Maybe I’m just stupid. Maybe my tear-blurred eyes failed to take in the *supposedly* telling clues indicating Naoki’s… worsening condition. Maybe despite being in its agonized throes, my mind still automatically precluded the possibility of an ending so… pointless, and so gratuitously sob-inducing. Maybe the writer of Nemureru Mori wanted this drama to go down as having the most WTF! finish in J-history, so he wrote it in. Or maybe I really AM stupid, that I didn’t GET IT right away — not even when that orange rolled off the seat and the flowers fell from his hands, or when the Young Minako Doppelganger kept looking back to see if he had alighted — but he never did — as the train chugged away from the platform. I simply thought that Naoki had made a sudden, CONSCIOUS CHOICE to distance himself from Minako by not going back home. THAT’S why the ending affected me so much, because in doing so, Naoki would still end up with NOTHING. But at least, if there was any good that would come out of it, it was that FINALLY, Naoki was going to start living for HIMSELF — not for his father, or for Minako, but for himself. To choose NOT to deal with the torture that would inevitably come if he stayed and forced himself to act all… familial and brotherly around Minako. If Naoki let the orange and the orchids slip from his fingers, if he slumped back in his seat and closed his eyes — what of it? I didn’t see a dying young man on the train, but one with a broken heart… and I thought that’s all there was to it.
That’s why I didn’t think right away that Naoki died. Those “warning signs” about his condition (presumably a subdural hematoma following the head trauma he sustained at the hands [and lead pipe] of Santa Claus), like the numbness and the dizzy spells and the decreased motor function — fine, they were shown in the drama’s last few episodes. But I still felt they weren’t built up significantly enough to service good storytelling. True, you can be asymptomatic and even feel fine for days to weeks without knowing you’re slowly dying from a massive clot in your brain. Medical fact. But in the hours leading up to your death, your condition should begin to manifest itself more acutely — i.e. something a BIT more severe than the inability to peel an orange properly. And even if there had been more indicators that screamed, “Naoki is dying!!! Final countdown — Naoki is dying!!!”… The question of questions remains… WHY.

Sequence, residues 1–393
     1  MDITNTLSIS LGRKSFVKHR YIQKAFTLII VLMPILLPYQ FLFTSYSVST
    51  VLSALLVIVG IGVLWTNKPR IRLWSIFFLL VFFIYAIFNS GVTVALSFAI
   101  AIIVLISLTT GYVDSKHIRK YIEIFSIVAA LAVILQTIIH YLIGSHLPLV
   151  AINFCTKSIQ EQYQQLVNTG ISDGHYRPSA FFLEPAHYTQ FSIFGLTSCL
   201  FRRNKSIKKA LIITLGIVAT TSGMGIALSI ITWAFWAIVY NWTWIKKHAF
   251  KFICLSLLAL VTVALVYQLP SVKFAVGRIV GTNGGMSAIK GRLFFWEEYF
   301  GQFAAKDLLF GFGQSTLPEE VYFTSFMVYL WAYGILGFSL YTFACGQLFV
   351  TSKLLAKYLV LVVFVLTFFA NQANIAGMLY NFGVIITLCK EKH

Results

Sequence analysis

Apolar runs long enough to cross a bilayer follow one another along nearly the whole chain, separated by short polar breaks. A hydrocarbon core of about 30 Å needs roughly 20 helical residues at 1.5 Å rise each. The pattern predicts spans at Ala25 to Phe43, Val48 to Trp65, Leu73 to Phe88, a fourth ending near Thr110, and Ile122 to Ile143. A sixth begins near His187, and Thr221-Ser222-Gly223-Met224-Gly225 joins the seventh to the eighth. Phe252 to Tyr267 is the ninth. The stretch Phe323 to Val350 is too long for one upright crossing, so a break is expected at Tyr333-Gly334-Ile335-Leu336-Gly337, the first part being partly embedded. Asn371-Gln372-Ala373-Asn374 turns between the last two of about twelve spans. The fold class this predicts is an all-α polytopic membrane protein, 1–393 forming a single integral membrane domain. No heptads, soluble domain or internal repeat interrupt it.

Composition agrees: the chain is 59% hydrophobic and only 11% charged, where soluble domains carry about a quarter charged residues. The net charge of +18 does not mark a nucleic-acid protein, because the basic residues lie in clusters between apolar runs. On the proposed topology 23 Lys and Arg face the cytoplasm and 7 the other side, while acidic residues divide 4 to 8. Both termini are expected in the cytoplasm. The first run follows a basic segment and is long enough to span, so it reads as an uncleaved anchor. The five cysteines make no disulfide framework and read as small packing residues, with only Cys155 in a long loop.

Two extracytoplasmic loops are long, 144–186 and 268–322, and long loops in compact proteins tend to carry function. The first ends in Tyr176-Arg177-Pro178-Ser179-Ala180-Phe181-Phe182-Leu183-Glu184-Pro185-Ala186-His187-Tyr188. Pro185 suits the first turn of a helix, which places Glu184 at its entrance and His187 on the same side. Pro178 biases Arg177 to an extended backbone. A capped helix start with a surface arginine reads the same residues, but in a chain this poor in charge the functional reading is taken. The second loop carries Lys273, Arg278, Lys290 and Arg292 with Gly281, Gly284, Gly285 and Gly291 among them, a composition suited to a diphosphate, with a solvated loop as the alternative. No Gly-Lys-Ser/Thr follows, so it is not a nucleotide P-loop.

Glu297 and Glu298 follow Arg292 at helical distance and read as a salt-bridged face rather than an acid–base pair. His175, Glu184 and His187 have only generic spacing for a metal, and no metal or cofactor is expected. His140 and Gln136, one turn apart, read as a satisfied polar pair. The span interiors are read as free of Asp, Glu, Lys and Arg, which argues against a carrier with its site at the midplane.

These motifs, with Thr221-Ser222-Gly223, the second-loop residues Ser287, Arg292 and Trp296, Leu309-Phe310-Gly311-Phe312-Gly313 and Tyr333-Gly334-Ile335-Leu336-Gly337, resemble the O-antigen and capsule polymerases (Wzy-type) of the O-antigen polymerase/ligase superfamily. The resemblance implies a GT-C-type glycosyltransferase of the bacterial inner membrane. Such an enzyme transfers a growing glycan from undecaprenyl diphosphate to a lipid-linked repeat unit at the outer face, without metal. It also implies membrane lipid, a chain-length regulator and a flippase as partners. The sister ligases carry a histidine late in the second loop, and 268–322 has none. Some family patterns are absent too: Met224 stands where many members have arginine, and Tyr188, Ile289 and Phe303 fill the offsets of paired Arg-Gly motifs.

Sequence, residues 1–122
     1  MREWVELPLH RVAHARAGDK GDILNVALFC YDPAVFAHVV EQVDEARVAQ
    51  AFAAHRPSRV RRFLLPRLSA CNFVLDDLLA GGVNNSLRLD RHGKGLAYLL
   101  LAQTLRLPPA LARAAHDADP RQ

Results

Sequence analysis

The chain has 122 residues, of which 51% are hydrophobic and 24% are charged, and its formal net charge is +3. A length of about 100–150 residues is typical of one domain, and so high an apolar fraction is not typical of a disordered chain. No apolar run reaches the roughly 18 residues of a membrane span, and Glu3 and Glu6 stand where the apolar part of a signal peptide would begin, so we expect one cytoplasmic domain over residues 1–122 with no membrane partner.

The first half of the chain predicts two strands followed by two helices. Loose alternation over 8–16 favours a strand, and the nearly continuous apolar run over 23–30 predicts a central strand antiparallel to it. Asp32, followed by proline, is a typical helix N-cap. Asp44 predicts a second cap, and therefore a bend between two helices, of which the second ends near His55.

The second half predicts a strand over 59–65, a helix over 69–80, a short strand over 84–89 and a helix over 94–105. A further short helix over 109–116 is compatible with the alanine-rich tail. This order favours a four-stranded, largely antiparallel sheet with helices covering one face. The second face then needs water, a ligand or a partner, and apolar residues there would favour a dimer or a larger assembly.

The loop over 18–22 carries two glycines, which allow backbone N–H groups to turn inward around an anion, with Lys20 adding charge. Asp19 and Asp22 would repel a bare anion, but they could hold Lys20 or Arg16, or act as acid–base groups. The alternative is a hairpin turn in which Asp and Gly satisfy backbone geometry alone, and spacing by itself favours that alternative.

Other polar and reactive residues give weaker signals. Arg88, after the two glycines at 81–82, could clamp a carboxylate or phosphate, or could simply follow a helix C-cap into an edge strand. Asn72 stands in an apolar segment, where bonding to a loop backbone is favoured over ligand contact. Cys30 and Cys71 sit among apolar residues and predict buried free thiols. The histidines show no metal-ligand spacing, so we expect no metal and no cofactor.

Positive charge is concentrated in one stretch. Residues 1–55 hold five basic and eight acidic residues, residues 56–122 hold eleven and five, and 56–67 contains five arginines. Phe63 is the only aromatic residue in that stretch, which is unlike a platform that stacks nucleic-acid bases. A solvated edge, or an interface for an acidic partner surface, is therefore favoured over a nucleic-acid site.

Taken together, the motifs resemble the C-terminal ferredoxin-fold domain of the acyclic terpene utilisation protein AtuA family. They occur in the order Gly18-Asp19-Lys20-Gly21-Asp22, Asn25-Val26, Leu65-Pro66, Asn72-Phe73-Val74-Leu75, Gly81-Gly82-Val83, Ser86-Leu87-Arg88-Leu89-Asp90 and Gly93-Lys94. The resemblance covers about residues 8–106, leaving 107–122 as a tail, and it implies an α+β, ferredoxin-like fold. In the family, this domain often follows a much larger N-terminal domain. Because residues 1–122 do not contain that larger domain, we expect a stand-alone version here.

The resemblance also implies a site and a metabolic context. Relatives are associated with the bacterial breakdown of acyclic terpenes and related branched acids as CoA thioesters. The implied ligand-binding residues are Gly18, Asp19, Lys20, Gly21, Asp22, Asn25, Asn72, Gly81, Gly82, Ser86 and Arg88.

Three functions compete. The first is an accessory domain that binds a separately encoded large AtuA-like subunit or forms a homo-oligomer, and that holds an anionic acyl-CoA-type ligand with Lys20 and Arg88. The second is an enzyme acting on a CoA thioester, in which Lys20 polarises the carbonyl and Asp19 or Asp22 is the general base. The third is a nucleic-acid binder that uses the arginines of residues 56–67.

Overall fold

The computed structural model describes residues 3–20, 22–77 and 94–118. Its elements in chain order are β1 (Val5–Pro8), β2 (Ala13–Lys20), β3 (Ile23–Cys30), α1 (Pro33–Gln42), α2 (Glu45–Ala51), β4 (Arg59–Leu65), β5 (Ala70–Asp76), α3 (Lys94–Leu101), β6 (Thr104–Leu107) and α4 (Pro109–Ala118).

So they kill him off? Just like that???? Why???!?? What PURPOSE would Naoki’s death serve in the drama? It was such a complete and utter incongruity against the rest of the story, such an unnecessary plot development, and nothing but a pointless exercise in emotional over-manipulation. Didn’t the drama have enough bombshells and Big Revelations packed in? Were the numerous twists and turns still inadequate for the writers? Hadn’t Minako already suffered enough pain and loss and grief????? And was Naoki’s death his just deserts for falling in love with his sister (though unwittingly so), as decreed by the Dramaverse’s Laws of Comeuppance?
Postscript: To the Faithful Departed
Naoki’s death was as senseless as it was poorly built-up. This felt like the Evil Twin of the Deus ex Machina plot device: meet the DEUCE ex Machina (devil out of the machine, haha), that smites down drama characters at whim, so that all your emotional investment gets nuked to kingdom come whenever the drama makers arbitrarily infuse a *little* bit more gloom and doom to the drama — just in case all those callous little b*tches of Jdorama fangirls weren’t, like, CRYING HARD ENOUGH by Episode 10. Naoki’s death felt like a frickin’ afterthought, like a sick prank the makers just decided to pull out of their wazoos. What happened here was a case of getting GREEDY with the WEEPY, and nothing more. They should’ve changed this drama’s title to A Weeping Forest — how’d you like that? Capricious and self-serving little pricks. Naoki should have lived. Naoki should have lived. Too late for that now.
Artistic & technical merit: B-
Entertainment value: B-
Vivere disce, cogita mori – Learn to live; Remember death.